For quite a few years, Elon Musk—CEO of Space X—has been planning to launch a couple of hundreds of low-orbiting satellites, which will work to provide high-speed internet to everyone across the globe. Although the details of the satellites have not been explicitly revealed, there was speculation that the first round of prototypes were being made ready to launch; a letter published on FCC’s website claims that the first two satellites will be positioned in the orbit for testing this weekend.
According to SpaceX’s vice president of satellite affairs, the company plans to launch its first two demo satellites in the beginning of 2018. If things fell into place, the company’s very first operational satellite could get an early launch by 2019. According to a letter to FCC, SpaceX claimed that Microsat-2a and -2b, two experimental satellites, will get launched on a Falcon 9 rocket.The rocket will also carry a radar observation satellite that belongs to the government of Spain called Paz. A static fire of the rocket took place recently. Microsat-2a and Microsat-2b along with Paz are scheduled to lift off on February 17th. According to a notice, the Falcon 9 is scheduled to launch at 6:17AM Pacific from Vandenberg Air Force Base.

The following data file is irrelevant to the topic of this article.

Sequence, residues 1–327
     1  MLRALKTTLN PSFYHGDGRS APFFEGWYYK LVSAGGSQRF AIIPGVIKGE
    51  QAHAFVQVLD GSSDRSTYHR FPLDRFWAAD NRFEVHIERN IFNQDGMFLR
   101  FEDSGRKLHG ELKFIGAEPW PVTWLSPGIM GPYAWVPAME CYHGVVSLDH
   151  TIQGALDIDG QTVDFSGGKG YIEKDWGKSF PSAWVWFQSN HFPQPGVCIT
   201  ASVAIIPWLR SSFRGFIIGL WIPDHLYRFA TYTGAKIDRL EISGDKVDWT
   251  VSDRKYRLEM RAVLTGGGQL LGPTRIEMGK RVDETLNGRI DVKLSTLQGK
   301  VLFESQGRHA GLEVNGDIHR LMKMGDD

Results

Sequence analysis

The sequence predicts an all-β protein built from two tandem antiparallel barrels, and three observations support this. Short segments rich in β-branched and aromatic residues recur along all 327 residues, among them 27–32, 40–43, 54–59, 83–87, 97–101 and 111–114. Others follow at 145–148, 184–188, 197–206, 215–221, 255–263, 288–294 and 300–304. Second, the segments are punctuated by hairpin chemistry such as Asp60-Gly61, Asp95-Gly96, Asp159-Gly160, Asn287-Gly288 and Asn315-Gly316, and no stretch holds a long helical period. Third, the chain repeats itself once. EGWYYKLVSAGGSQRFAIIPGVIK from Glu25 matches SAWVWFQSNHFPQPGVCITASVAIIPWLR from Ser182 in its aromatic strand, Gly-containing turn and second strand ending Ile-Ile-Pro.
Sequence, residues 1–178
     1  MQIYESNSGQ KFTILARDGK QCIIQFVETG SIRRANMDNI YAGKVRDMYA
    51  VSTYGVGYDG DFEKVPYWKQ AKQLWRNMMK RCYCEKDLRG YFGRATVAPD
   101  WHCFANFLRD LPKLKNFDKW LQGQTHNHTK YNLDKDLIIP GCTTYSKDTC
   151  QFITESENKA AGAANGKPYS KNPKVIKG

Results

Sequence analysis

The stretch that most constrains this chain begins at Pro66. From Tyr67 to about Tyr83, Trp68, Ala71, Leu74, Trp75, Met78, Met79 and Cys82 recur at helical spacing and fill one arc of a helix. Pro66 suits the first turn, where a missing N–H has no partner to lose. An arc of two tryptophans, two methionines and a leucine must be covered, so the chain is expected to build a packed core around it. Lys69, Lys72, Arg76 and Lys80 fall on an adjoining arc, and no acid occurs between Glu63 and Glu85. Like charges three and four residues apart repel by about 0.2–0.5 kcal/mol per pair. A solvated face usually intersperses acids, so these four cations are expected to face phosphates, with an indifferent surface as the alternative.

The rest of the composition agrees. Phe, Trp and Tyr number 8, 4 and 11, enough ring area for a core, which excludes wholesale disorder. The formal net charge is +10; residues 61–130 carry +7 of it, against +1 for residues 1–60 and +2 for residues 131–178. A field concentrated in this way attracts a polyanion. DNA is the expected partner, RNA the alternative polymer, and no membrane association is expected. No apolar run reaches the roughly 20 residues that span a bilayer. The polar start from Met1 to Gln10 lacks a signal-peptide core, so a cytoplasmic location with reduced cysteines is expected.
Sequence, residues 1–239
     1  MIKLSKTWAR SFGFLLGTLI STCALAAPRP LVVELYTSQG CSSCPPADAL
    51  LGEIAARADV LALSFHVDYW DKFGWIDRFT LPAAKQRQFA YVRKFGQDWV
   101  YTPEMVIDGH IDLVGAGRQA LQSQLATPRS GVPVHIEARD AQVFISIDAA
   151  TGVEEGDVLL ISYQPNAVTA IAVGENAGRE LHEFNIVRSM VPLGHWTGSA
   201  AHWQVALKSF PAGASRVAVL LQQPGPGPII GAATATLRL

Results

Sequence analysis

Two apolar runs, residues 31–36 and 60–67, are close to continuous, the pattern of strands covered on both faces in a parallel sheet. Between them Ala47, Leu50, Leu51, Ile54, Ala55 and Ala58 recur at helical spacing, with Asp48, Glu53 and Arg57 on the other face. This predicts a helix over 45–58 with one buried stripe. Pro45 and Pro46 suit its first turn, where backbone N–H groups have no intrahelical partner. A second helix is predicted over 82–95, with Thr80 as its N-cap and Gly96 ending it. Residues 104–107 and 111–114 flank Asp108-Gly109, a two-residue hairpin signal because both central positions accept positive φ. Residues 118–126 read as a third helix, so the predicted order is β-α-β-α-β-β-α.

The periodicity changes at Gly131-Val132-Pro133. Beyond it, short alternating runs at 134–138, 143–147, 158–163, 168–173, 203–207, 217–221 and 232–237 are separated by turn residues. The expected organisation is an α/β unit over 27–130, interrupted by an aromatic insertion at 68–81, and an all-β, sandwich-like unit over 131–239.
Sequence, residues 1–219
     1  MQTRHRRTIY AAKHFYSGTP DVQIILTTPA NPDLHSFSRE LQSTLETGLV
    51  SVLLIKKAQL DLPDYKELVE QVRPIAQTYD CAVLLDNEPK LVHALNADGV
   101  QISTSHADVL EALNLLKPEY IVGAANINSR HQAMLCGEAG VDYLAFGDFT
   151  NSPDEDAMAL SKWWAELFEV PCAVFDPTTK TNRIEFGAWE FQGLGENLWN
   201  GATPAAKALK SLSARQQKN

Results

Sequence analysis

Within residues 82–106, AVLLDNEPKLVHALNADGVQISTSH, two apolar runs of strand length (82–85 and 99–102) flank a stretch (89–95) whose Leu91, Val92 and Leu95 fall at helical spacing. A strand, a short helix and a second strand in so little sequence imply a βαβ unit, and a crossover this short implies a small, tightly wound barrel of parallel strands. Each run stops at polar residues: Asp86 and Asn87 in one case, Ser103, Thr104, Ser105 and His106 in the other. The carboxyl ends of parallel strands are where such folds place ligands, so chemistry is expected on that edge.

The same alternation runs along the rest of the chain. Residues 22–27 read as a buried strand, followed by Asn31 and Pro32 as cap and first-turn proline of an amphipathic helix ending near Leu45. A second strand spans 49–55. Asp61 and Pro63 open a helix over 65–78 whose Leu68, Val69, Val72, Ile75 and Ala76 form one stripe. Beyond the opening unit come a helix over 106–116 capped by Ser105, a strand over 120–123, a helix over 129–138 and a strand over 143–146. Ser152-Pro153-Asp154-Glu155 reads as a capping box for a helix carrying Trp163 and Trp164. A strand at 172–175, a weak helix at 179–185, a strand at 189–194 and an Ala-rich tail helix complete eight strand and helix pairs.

SpaceX is determined to successfully send all of its internet-providing satellites in orbit by the year 2024 keeping in mind that these things are always prone to delays. Even though the project is estimated to cost over $10 billion, Musk is hopeful to generate enough revenue once the project is executed. According to Musk, the revenue generated from this project will be utilised for a larger goal: Mars. A lot of money is needed to create a city on Mars, and this project will be a great source of income.